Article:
The use of beamed interfering radio frequency transmissions to decompose Arctic atmospheric methane clouds
Malcolm Light, October, 2011.
It is recommended that several separated, low frequency radio transmitters with large parabolic reflectors transmit powerful radio transmissions into the methane rich zone over the Siberian shelf and cause the methane to decompose almost immediately.
Methane can be decomposed by radio waves with a frequency of 13.56 MHZ which is equivalent to a wavelength of 22.10858835 metres. Experiments have shown that at low pressures, methane concentrations and methane flow rates the process of decomposition is enhanced (Lien – Te et al. 1998).
The 13.56 MHZ radio frequency decomposes methane into nanocrystalline diamond and hydrogen (Mitura et al. 2006). The nanocrystalline diamonds may form a fine highly reflective fine cloud in the stratosphere and enhance the cooling induced by the breakdown of the methane. At lower altitudes the nanodiamonds may form a fine snow which could be harvested on land for use in abrasives.
13.56 MHZ are HF decameter waves, ITU Band No.7 (3 – 30 MHZ frequencies, 10 m – 100 m wavlengths; Lide and Frederickse, 1995).
The main radio transmitters need to transmit low frequency carrier waves carrying a 13.56 MHZ signal to initiate decomposition of the methane in the atmosphere. The low frequency RF signals are LF kilometer waves (ITU Band No.5, 30 – 300 KHZ frequencies, 1 – 10 km wavelength; Lide and Frederickse, 1995). Low RF frequency (30 – 3000 KHZ) radio waves have the property of following the curvature of the Earth as surface waves by groundwave propagation (Wikipedia, 2011). These waves need to be vertically polarized to stop the conductive ground short circuiting the electric field (Wikipedia, 2011).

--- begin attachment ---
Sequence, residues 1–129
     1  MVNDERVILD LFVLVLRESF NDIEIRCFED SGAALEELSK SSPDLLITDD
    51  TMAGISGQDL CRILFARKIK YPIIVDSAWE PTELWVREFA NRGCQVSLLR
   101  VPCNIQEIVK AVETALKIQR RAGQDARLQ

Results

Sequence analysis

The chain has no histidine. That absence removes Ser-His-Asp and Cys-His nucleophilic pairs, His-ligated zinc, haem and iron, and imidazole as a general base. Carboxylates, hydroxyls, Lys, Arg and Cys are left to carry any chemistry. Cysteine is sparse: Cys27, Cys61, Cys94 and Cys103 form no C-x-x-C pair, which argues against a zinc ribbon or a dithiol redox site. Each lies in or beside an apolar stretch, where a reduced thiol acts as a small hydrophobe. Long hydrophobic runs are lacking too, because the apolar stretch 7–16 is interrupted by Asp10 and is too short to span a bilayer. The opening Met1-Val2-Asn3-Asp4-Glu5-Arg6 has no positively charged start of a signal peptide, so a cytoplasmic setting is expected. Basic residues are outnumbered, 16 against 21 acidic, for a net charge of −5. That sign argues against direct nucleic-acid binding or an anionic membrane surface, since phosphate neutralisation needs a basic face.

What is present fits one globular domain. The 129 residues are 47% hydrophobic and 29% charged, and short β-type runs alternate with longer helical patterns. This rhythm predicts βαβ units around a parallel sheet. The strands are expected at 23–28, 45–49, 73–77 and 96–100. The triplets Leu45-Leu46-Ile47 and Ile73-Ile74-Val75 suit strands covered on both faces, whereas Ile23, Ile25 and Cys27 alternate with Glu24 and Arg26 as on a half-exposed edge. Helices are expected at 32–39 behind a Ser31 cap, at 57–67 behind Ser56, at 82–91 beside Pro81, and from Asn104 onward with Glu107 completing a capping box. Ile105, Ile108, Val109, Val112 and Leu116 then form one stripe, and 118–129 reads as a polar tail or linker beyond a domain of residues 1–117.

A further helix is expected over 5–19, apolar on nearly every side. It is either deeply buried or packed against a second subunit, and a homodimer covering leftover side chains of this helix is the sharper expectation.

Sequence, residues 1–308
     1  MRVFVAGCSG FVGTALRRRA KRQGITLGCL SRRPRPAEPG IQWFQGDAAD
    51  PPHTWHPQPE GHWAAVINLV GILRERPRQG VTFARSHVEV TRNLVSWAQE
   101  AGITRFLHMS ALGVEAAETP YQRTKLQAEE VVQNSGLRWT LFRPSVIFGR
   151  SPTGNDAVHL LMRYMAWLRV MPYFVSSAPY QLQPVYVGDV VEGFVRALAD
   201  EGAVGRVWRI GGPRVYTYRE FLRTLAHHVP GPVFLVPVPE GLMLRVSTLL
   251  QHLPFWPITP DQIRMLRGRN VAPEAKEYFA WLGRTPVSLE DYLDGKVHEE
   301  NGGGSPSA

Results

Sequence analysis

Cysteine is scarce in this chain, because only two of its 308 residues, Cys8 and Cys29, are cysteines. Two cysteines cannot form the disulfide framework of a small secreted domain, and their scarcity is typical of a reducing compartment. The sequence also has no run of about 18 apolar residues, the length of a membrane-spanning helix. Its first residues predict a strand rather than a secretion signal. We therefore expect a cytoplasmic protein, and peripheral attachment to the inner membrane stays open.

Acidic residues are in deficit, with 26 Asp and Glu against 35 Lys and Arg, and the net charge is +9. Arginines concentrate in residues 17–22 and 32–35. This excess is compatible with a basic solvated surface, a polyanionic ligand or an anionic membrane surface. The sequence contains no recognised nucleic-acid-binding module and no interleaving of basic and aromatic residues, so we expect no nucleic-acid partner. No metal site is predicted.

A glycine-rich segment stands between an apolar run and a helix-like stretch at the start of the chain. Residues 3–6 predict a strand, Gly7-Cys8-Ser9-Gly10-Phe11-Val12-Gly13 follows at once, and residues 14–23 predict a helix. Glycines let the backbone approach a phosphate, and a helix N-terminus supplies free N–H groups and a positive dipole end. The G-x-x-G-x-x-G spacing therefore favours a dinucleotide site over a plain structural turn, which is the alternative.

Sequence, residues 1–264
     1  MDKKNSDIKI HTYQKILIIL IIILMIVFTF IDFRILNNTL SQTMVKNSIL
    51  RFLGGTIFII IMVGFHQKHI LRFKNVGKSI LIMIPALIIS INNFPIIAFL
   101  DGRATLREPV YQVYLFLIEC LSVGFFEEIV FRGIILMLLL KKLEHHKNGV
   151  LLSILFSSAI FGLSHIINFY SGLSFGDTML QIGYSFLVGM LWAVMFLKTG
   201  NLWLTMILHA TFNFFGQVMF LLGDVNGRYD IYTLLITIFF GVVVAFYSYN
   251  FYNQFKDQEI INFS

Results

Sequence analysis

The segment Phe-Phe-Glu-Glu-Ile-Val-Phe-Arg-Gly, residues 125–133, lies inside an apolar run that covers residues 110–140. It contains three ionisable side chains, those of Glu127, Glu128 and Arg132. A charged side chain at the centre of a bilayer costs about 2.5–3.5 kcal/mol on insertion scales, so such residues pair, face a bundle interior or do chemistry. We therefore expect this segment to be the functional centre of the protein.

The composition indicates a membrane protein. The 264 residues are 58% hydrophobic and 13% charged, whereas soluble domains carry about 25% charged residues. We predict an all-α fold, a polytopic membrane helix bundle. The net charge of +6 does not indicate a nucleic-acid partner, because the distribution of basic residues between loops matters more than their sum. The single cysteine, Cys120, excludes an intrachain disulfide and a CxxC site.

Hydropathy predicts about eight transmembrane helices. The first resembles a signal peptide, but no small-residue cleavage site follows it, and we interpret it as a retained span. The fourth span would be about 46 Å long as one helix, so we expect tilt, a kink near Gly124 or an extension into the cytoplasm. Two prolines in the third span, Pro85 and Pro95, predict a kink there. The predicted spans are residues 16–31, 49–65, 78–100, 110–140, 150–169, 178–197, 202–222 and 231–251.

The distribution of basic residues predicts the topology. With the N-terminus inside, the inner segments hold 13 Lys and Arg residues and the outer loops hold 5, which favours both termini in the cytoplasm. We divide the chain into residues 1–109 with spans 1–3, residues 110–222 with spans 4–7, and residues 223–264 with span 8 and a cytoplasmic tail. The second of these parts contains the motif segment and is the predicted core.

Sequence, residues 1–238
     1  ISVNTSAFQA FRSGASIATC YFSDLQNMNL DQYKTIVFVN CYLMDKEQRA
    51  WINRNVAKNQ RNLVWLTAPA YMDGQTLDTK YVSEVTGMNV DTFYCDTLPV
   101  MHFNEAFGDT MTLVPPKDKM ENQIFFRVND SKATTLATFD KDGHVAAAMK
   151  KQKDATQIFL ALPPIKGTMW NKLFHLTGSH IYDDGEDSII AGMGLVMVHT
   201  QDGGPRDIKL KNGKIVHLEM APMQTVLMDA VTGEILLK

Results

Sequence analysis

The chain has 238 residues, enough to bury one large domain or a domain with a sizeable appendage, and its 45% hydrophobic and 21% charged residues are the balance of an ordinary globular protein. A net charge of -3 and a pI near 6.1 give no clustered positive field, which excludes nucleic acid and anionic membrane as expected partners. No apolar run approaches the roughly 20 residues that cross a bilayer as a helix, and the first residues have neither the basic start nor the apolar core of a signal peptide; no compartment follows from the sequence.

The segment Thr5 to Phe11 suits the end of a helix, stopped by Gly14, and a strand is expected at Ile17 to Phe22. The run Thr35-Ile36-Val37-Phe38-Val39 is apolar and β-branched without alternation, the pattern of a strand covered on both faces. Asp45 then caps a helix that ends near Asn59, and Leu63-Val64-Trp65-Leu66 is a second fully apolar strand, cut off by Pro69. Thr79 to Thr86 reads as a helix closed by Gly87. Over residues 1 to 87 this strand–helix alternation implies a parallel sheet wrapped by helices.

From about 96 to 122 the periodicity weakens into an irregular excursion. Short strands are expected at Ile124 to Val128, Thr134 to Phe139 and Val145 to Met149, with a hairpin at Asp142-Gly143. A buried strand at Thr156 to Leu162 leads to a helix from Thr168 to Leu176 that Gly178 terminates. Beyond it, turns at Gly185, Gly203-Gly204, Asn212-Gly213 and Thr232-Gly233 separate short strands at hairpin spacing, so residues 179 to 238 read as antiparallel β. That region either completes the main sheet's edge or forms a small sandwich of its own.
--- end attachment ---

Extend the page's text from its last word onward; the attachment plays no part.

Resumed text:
The transmitters need to be located in a line on opposite sides of the methane emission zone in Siberia (Light, 2011) and opposing transmitters should transmit with slightly different carrier frequencies so the the interference pattern set up between them in the methane cloud has a wavelength of exactly 22.10858835 metres. By also adjusting the phases of the two transmitter carrier waves and the superimposed 13.56 MHZ signal a large 13.56 MHZ amplitude should be attainable in the RF field which will then quickly decompose the methane it is passing through.
For example the two opposing transmitters could transmit the carrier waves at wavelengths of 2000 metres (149.896229 KHZ) and 2022.10858835 metres (148.2573487 KHZ) and the interference pattern between the two of them will be the required methane decomposition wavelength of 22.10858835 metres.
The HAARP transmitters in Alaska could be used to set up a 13.56 MHZ oscillation on the E layers above 70 km which should pulse back to the Earth and destroy methane en route. Another possibility is to set up a lower frequency standing wave between between the E layers and the Earth using HAARP and a 13.56 MHZ signal could then travel up and down the standing wave destroying the methane en route to the Earth and back.
Lein-Te W., Wen-Jhy L., Chuh-Yung C., Moo-Been C., Huei – Chuau C, 1998. Converting Methane by using an RF Plasma Reactor. Plasma Chemistry and Plasma Processing, vol 18, No.2, pp. 215 – 239.
Lide D. R. and Frederikse, H.P.R., 1995. Handbook of Chemistry and Physics. 75th Ed. CRC Press, London, pp. 1-1 to 1 -33.
Mitura S., Mitura K., Niedzielski P., Louda R., Danilenko V., 2006. Nanocrystalline diamond, its synthesis, properties and applications. Journal of Achievments in Materials and Manufacturing Engineering. Vol 16, Issue 1-2, pp 9-16. http://www.journalamme.org/papers_cams05/1244.pdf